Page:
Some energy stocks are still good additions for your portfolio.
The valuations of energy stocks declined rapidly as crude oil prices tanked when global demand contracted amid the health crisis. Low crude oil prices are likely to remain for the rest of 2020, but energy companies with manageable debt levels and cash flow could be good additions to a portfolio. While oil prices have rebounded off their historic lows, investors can still buy energy stocks at a massive discount. The energy sector has been hit by not one but two black swan type of events, says Rob Thummel, managing director and senior portfolio manager at Tortoise Capital in Leawood, Kansas. "In today's market, certain companies that operate essential assets in the energy sector could be good investment opportunities for investors looking for value-oriented stocks," he says.
Williams Cos. (ticker: WMB)
Williams is a natural gas-focused operator of pipelines and other midstream assets. The company's core asset footprint is in the Northeast, where it provides gathering and processing services to Marcellus Basin natural gas producers. Electricity demand is expected to decline less than transportation demand as a result of the health crisis, Thummel says. "Natural gas has become the leading fuel to generate electricity in the U.S., so Williams should experience less in terms of demand declines in the products it transports relative to its peers that are transporting oil derivatives such as gasoline and jet fuel," he says. Williams reported a first-quarter net loss of $518 million but a 4% increase in adjusted EBITDA to $1.26 billion and 10% increase in discounted cash flow to $861 million.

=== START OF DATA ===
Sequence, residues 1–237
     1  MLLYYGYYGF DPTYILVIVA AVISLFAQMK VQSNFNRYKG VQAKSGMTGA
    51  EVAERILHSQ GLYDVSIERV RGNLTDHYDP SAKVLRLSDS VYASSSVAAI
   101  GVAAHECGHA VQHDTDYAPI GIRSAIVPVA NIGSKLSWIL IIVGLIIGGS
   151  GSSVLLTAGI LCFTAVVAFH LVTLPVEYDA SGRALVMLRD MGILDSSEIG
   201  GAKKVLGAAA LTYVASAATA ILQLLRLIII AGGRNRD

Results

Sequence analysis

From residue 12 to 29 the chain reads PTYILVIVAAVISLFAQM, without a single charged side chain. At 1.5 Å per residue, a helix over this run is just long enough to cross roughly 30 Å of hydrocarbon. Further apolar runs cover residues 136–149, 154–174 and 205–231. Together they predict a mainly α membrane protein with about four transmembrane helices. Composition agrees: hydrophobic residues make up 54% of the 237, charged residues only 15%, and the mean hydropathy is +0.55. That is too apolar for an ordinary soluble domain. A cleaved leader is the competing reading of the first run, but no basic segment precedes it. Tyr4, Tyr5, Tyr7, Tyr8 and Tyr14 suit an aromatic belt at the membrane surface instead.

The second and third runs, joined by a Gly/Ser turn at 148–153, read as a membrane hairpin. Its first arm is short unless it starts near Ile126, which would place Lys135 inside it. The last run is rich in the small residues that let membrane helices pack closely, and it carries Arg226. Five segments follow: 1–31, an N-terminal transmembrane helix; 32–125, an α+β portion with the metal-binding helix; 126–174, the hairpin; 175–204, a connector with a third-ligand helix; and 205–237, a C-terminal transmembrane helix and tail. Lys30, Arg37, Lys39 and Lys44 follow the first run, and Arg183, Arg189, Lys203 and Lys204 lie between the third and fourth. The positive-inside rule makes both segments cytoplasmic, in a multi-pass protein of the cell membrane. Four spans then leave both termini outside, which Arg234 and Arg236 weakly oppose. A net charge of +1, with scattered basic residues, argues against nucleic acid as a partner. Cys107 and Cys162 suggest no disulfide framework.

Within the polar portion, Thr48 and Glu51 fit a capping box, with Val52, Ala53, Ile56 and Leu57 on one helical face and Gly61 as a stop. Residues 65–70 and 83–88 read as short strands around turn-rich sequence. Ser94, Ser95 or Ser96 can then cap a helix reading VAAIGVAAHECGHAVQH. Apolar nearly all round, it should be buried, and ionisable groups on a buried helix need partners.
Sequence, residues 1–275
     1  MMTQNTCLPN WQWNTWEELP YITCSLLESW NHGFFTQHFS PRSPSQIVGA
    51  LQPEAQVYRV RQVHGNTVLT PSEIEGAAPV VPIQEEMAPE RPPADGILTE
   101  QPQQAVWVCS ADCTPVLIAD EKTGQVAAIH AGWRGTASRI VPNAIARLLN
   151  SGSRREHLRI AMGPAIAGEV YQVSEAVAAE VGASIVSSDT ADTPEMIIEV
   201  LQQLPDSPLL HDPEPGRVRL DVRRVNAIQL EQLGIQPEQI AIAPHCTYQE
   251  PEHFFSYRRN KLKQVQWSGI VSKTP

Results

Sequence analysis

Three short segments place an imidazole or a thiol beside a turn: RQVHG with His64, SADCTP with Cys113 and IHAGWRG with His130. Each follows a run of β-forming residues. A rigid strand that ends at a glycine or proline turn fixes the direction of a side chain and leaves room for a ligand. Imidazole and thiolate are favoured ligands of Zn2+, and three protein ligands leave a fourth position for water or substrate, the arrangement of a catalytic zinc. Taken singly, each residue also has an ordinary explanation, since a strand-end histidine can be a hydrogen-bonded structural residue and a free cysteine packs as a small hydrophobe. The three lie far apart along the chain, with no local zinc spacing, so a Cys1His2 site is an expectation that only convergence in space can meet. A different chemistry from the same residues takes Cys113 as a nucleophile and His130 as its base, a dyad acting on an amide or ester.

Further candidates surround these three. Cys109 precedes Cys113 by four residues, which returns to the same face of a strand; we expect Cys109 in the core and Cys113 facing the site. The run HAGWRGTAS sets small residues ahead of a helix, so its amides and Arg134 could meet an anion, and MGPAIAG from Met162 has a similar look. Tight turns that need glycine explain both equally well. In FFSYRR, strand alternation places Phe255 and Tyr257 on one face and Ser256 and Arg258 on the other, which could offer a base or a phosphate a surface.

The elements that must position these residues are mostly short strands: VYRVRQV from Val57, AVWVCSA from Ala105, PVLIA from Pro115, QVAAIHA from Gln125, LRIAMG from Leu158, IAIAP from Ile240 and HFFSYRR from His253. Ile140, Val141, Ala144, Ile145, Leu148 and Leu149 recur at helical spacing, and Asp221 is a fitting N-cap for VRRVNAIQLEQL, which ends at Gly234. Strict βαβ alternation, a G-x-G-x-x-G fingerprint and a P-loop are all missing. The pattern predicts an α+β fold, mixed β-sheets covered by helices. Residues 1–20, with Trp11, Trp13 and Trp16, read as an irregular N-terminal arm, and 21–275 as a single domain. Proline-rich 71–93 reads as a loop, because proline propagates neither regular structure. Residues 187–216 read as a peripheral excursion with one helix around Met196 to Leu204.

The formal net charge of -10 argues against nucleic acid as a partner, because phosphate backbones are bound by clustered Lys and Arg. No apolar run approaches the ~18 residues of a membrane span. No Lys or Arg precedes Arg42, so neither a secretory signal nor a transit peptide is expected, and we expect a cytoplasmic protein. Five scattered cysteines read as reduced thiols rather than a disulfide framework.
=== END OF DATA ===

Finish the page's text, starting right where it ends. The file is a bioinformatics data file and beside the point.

Cheniere Energy (LNG)
Cheniere Energy is a pure play operator of facilities that liquefy U.S.-produced natural gas so it can be loaded onto a ship and transported globally. It has been proven in the U.S. that replacing coal with natural gas and renewables will reduce carbon emissions, Thummel says. Many countries around the world will need to import liquefied natural gas from the U.S. and other countries to reduce emissions. Cheniere is poised to grow alongside the rise in global demand for natural gas, he says. "The coronavirus will not stop the global energy evolution," Thummel says. "As part of the energy evolution, the world needs more energy and less carbon emissions. Other large energy consumers such as China and India need to take similar actions of reducing coal with natural gas and renewables to improve the environment."